Free sample – George and the Brain (Now available on Kindle)
Please feel free to check out this free sample of my novelette; George and the Brain. (available for e-readers on Amazon.com and Smashwords.com)
World famous telepath George Stanson has enjoyed a long enviable career that could rival that of most rock stars. It has given him everything, except someone he can talk to as an equal. That is, until computer science had an unexpected breakthrough in artificicial intelligence development.
GEORGE AND THE BRAIN
“Why do you hate people, George?”
The question caught George Stanson off guard. “What makes you think that?”
Robbie was silent for a moment. “It is obvious. You live nearly twenty miles away from any notable population.”
George picked up his latte, took a sip and said, “Plenty of people live in secluded areas.”
“In the two months that I have been here, you have had no visitors except for Mr. Wallace,” Robbie said.
“He’s my business manager. We have to be in touch almost on a daily basis.”
“That puzzles me. What role does a business manager play in managing the affairs of a telepath?”
This drew a chuckle from George. “I’d be lying if I said I didn’t wonder that, myself, over the years. Surely, you’ve figured out by now that telepathy is my business.”
“No. I am afraid I had not,” Robbie said.
George thought for a second and realized he wasn’t being fair to Robbie. His friend had no way of knowing much of anything outside of what he and George talked about. The principle reason for Robbie being there was so George could detach himself from his business – a job that Robbie was uniquely qualified for as an artificial intelligence.
“Sorry. Sometimes I forget that not everyone has heard of me and what I do,” George said. “But that’s what I like about you, and yes, it’s fair to say that I hate people.”
The LEDs on the front face of Robbie’s oval-shaped housing seemed to twinkle with satisfaction. “Thank you, George. May I ask how you came to feel this way? Given my understanding of telepathy, it seems to me that a lot of good to mankind could come out of your ability.”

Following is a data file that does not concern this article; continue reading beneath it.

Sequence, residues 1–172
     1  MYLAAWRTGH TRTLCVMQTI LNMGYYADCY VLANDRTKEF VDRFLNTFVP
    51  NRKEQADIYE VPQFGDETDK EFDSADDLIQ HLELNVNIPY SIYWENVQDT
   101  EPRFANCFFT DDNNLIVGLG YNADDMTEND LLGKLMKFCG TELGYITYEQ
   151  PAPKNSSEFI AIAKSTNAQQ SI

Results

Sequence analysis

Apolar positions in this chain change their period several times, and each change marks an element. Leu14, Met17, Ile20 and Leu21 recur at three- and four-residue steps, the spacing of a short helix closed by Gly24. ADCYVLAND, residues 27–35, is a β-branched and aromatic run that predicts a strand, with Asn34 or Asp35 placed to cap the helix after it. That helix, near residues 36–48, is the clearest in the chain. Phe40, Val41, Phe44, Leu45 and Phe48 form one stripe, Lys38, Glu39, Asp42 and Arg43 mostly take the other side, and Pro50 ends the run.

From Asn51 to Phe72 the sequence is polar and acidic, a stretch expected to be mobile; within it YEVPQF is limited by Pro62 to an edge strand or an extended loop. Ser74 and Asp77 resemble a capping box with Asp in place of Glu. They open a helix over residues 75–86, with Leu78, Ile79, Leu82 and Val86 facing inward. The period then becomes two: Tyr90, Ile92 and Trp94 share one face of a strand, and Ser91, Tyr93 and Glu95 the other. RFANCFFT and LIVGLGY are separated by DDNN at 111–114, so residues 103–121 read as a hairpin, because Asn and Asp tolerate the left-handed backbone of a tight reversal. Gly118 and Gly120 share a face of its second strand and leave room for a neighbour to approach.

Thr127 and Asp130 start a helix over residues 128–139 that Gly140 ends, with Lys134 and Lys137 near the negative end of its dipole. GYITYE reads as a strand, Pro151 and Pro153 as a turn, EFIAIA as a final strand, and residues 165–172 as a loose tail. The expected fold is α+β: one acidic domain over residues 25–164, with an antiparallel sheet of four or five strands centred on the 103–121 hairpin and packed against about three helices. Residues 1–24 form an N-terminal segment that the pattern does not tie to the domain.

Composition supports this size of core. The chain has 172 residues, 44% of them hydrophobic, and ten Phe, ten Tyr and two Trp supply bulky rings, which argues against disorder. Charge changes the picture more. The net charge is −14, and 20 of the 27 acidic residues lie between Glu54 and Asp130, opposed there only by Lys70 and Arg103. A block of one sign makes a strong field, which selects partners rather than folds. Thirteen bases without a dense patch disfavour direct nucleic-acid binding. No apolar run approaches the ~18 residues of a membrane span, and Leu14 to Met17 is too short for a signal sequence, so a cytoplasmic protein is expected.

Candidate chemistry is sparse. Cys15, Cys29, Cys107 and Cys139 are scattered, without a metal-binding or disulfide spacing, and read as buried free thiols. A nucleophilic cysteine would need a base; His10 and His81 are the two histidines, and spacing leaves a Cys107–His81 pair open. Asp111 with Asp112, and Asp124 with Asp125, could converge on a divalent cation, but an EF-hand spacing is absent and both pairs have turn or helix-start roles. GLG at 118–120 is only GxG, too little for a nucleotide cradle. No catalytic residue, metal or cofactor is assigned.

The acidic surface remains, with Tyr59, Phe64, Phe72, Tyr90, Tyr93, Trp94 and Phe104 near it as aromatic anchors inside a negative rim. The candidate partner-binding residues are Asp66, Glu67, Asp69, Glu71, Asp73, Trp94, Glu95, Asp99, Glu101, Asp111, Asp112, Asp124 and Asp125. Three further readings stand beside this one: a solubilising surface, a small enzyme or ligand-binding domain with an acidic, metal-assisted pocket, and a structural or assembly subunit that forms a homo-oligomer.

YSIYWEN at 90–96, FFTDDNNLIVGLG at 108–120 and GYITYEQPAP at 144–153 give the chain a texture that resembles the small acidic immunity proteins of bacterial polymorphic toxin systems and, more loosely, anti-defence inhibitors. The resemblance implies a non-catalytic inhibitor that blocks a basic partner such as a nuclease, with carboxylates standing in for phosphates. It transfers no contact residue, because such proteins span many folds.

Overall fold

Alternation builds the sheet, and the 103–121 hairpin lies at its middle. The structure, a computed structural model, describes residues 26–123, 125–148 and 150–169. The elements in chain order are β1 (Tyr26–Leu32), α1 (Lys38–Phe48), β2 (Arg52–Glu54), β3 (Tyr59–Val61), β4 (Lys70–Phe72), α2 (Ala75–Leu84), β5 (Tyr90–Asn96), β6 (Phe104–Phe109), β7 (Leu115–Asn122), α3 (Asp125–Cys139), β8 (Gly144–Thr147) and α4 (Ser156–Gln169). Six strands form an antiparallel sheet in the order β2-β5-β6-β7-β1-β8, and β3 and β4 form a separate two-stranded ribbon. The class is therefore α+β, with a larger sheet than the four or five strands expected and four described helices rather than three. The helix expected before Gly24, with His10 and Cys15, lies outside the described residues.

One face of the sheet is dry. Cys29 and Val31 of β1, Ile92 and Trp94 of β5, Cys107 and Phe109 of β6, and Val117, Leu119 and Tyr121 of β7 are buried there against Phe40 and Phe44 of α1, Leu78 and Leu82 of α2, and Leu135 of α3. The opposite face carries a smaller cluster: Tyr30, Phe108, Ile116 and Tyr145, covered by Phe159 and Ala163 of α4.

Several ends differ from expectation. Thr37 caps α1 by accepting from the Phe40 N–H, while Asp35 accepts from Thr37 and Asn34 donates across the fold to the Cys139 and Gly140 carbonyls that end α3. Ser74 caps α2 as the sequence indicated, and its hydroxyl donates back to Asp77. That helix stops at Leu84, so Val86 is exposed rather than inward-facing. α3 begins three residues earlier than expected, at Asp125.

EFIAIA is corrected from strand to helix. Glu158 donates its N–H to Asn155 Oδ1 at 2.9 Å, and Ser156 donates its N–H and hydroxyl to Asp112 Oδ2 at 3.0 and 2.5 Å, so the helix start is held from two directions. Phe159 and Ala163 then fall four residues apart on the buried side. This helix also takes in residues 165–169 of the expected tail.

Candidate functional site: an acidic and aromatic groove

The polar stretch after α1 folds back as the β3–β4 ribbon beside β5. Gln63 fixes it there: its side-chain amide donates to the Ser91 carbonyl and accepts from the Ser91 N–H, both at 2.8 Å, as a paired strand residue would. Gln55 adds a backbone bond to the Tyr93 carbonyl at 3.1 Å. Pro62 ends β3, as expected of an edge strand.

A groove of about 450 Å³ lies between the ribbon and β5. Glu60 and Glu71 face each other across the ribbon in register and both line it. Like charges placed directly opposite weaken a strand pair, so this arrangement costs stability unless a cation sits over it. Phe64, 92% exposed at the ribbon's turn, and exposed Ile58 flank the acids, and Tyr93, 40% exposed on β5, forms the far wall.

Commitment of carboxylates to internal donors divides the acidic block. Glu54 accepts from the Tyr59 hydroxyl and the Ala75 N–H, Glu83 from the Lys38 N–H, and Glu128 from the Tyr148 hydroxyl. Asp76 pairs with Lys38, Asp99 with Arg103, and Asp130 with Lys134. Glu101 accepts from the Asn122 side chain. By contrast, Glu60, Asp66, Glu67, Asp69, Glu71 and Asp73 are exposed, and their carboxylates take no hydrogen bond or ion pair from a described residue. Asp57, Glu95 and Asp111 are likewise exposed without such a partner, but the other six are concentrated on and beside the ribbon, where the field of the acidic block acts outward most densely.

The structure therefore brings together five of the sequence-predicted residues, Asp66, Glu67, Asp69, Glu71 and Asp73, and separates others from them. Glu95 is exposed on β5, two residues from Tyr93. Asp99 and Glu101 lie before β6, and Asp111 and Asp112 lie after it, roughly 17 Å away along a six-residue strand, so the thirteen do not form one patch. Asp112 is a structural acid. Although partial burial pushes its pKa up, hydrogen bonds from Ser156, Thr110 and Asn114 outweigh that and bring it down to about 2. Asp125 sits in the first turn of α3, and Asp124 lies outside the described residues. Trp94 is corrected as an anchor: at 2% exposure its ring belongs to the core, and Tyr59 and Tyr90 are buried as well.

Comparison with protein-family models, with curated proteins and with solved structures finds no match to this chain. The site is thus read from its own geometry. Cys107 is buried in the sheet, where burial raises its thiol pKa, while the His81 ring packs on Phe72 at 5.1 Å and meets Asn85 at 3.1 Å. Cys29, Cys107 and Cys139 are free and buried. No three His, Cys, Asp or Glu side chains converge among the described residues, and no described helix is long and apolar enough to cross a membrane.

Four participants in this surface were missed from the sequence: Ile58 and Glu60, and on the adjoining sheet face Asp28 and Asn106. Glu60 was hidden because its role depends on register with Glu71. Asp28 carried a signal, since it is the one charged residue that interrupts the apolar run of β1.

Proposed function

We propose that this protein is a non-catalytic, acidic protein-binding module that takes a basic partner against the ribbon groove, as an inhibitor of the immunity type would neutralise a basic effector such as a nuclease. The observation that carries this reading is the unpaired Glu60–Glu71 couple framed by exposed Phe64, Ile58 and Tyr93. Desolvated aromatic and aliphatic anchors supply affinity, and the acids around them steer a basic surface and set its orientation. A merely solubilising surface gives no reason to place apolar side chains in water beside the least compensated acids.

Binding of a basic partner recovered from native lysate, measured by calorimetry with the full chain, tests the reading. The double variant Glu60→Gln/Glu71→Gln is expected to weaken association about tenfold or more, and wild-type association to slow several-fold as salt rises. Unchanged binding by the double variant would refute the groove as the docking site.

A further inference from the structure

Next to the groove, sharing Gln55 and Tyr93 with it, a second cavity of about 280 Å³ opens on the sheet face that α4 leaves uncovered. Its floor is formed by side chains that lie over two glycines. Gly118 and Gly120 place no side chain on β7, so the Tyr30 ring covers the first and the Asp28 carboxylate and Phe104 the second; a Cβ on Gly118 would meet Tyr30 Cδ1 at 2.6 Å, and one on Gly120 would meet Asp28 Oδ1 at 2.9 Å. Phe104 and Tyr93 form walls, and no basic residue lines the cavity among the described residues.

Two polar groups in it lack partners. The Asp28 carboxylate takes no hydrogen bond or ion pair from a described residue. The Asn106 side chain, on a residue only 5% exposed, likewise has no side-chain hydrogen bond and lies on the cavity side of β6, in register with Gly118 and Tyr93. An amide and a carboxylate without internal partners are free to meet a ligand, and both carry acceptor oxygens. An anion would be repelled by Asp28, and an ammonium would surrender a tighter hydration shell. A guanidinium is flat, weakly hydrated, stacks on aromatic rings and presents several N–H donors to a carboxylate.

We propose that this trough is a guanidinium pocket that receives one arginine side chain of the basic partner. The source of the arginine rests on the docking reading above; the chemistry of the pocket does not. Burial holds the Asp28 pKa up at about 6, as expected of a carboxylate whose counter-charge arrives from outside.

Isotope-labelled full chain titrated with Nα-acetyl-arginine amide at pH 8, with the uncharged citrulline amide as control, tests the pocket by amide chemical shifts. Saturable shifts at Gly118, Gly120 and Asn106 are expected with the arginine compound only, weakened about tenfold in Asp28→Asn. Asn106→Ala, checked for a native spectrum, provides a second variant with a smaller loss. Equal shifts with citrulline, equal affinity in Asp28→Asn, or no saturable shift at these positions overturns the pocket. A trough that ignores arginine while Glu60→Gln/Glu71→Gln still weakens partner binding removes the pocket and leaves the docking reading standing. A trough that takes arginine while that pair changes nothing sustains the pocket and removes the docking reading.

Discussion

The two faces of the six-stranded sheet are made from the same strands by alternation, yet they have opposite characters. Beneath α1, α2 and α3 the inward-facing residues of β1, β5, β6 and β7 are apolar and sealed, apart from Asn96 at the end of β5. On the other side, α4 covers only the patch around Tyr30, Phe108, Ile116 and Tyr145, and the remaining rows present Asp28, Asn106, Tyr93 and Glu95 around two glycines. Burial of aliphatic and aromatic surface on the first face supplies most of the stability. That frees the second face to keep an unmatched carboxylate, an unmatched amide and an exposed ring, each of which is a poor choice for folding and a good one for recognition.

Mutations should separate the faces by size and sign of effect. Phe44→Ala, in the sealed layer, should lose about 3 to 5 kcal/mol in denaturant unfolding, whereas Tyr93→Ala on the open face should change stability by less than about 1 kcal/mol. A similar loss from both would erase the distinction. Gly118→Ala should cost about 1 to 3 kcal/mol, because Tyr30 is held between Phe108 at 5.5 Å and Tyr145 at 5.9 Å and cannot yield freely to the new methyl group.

George sighed. “Let’s just say that I have become very disheartened by what I’ve found in people over the years.
George took another sip of latte. “What is this now, therapy?”
“I am curious.”
George stood up and walked to the window. “You know, I rescued you from deactivation and cold storage so that I could have regular conversations, not this B.S.”
Robbie processed that for a moment. “Because you are unable to read my mind, correct?”
“Exactly,” George said without taking his eyes off of the West Virginia countryside. “You don’t appreciate the unexpected until it’s not there surprising you anymore.”
George’s living room went suddenly quiet. So quiet that George could hear the soft whirring of the servo-motors that moved and focused the camera lens that served as Robbie’s eye. It was like the awkward silence that sets in between two people that aren’t sure what to say to each other next.
It brought a smile to George’s face.
“Will you tell me what it is like to be telepathic?” Robbie asked.
George’s smile faded. “No.”
“I am…sorry,” said Robbie. “I would research it on my own, but I am not allowed any network connections.”
George laughed, remembering the general public’s paranoia over A.I., a lingering hangover from all of those old science fiction movies.
“I’ll tell you what, if it will satisfy your curiosity you can watch video of my shows and draw your own conclusions, alright?”
“What if I still have questions?” Robbie asked.
George turned from the window. A beam of morning sunlight sparkled on Robbie’s camera lens the twinkle in the eye of a curious child.